You may have worked construction all your life and experienced no injuries greater than a sprained wrist. That said, recently, you severely injured your back in a jobsite accident.
You expect to be out of work for months. Will you qualify for Social Security Disability Insurance or should you look into Supplemental Security Income?
Qualifying for SSDI
To determine whether you have an impairment that qualifies you for Social Security Disability Insurance benefits, the Social Security Administration relies on a list of disabling medical conditions. Your back injury could appear on this list, but if not, the SSA will review your injury to see if it is as severe as a similar listed impairment. To receive benefits, your injury must keep you from working for at least 12 months and from performing basic work efforts, such as sitting, standing or walking. The SSA will evaluate your skills, your education and your ability to do any other type of work before granting you benefits. Keep in mind that to qualify for SSDI, you must be younger than 65.
The government has established Social Security Income as a welfare program. Like the SSDI program, the disability for which you plan to submit a claim must be serious enough to keep you from working for at least 12 months. However, to qualify for SSI, you are not required to have a work history nor to have paid Social Security taxes. You are only eligible if you are 65 years of age or older.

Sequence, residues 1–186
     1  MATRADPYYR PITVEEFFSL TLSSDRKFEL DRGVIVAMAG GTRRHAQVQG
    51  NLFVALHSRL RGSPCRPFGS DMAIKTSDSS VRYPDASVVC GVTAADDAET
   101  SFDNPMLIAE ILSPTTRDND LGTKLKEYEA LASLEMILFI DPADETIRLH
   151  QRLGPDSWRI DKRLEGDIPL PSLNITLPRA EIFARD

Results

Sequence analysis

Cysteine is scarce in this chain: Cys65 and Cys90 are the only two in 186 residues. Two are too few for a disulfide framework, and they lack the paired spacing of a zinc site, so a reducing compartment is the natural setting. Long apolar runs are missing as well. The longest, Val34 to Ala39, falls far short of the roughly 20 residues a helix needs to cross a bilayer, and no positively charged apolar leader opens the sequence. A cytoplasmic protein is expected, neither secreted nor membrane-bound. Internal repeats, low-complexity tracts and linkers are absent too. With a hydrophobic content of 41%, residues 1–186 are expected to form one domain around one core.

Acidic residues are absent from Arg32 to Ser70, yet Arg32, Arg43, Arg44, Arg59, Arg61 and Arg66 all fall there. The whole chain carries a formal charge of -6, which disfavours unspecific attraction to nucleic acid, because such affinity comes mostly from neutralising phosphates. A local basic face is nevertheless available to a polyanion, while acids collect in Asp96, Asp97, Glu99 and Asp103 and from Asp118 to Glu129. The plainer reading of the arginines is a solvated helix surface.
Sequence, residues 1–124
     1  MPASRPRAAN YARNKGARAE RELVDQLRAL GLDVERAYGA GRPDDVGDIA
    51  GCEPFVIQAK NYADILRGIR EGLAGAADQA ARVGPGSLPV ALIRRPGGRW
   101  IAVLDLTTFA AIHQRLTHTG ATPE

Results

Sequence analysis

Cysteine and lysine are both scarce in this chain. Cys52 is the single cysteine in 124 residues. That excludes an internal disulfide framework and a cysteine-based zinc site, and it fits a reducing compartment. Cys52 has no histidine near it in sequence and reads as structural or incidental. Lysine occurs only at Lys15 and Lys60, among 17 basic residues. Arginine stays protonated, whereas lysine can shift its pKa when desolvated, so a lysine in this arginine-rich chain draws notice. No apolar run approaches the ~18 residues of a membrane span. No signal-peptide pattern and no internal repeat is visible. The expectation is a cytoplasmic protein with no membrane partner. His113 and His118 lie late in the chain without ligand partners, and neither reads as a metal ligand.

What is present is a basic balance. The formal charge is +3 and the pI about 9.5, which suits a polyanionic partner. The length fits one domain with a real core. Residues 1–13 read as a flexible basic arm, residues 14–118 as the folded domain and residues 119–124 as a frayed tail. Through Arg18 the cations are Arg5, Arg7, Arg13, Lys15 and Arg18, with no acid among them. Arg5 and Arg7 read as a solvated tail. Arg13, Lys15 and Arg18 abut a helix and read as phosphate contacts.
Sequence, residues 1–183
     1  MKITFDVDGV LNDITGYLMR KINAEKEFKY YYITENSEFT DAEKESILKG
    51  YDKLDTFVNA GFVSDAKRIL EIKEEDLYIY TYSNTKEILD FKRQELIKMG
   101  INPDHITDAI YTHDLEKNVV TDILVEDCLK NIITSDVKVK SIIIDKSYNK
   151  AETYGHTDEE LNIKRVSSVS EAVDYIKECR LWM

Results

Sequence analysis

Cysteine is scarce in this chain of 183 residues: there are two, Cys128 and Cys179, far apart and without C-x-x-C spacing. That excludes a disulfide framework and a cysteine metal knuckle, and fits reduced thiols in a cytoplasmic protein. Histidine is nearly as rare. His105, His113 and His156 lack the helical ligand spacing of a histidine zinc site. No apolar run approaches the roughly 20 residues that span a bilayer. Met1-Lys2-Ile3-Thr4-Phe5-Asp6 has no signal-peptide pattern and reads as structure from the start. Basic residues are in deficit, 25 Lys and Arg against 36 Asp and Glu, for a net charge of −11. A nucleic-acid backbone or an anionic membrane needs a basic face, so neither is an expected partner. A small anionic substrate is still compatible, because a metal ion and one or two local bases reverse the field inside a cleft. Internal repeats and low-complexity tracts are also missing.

Filing a claim
Government programs like SSDI and SSI are not the easiest to understand. There are only a few similarities and many differences. Filing a claim for either program is not easy either and, in many cases, the Social Security Administration denies initial claims. The appeal process is the norm, so you should not allow denial to discourage you. Get the help you need in understanding which program is the most favorable for you and in putting together a successful claim for disability assistance.